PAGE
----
An introduction to blogging and writing blog posts. This is aimed at educators, instructors, and related professionals. References the blog at the International Institute for Innovative Instruction: http://engage.franklin.edu/i4/
Blog Like A Pro!
An Introduction to Blogging
by Lucy A. Snyder
• To raise awareness of yourself, your
department, or your organization
• To show people what you do
• To demonstrate your expertise (individually or
as a group)
• To promote your
image credit: Christian Schnettelker
What sites do bloggers use?
… and many other sites!
How do you promote a blog?
Social media sharing:
• Other blogs
Email sharing/Email lists
• Include relevant keywords to improve Search
Engine Optimization (SEO)
Why do people visit blogs?
• To be entertained
– An engaging story
– Something amusing
– Enjoyable subject
• To get useful info
– Solutions to problems
– Expert advice
– New techniques
– Product reviews
image credit: Filipe Ferreira
When brainstorming blog posts ...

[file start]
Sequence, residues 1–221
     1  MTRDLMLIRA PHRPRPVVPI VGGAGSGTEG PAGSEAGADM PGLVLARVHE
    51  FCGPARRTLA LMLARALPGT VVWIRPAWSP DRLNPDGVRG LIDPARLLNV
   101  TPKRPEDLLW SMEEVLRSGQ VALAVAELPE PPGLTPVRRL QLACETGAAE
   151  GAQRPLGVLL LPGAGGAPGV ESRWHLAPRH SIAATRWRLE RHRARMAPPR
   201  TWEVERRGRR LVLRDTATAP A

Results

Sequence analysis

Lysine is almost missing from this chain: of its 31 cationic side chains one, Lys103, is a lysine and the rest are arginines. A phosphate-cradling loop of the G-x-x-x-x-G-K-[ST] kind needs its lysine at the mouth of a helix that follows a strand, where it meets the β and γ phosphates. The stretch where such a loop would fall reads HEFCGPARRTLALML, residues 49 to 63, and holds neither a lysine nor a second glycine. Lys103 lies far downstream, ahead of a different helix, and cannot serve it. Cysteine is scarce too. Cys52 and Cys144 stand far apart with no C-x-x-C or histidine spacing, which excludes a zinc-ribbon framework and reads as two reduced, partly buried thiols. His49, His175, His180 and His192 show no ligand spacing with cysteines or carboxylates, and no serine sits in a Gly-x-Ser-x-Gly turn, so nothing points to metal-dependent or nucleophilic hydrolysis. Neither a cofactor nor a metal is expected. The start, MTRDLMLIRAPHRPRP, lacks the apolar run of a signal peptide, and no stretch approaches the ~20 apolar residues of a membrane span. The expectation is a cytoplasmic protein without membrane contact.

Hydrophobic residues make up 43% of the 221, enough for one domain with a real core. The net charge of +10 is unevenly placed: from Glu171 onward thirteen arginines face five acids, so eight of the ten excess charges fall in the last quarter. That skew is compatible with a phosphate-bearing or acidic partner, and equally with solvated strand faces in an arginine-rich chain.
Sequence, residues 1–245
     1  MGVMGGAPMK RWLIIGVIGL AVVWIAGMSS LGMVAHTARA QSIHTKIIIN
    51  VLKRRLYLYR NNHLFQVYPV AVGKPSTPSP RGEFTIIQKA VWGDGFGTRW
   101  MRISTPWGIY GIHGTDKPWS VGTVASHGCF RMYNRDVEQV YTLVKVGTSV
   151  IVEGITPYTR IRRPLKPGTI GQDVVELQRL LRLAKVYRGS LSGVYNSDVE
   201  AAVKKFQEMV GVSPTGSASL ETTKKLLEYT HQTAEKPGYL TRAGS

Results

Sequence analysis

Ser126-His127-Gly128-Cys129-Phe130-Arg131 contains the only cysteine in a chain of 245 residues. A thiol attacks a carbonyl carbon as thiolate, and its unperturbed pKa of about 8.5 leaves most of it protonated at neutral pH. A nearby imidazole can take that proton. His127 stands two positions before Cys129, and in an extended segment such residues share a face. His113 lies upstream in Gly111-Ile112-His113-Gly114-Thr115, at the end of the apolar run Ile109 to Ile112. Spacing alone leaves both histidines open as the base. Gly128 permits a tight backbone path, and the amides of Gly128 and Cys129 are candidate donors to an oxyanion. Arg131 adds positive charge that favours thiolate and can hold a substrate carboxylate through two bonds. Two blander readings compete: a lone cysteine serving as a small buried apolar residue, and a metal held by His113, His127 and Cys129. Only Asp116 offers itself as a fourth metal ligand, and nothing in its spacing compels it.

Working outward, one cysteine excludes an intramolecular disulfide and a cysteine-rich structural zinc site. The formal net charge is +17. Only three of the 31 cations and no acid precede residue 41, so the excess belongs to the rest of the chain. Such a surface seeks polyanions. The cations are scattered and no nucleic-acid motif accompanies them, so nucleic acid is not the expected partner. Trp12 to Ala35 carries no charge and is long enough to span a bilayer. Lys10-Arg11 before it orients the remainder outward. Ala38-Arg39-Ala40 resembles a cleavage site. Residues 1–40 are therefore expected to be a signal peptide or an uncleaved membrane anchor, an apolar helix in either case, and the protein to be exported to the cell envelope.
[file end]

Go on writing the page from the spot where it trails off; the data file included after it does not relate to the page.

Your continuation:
Always ask yourself:
• Is this interesting?
– Who is it interesting to?
– How can I make it more
• Is this useful?
– Useful to whom?
– How can I make it more useful?
image credit: Hobvias Sudoneighm
Basic Anatomy of a Blog Post
• Blog Content
Post titles are CRITICAL!
Your title is possibly the most important part of
• The title must grab a reader's attention
– Or they will not click through to see what
wonderful thing you've written
• Titles are the only thing readers see on Twitter
– Twitter is a major means of promoting posts
What can we learn from clickbait?
• Clickbait (AKA “linkbait”) is infamous for
presenting sensational, often-misleading
headlines in order to get people to click on
Fake Clickbait Samples
• 3 Things You'll Regret If You Didn't Go To Franklin University
• A Dad Tries To Sell A Rutabaga. First You'll Be Shocked, Then
You'll be Inspired!
• 29 Kittens That Look Like Kanye West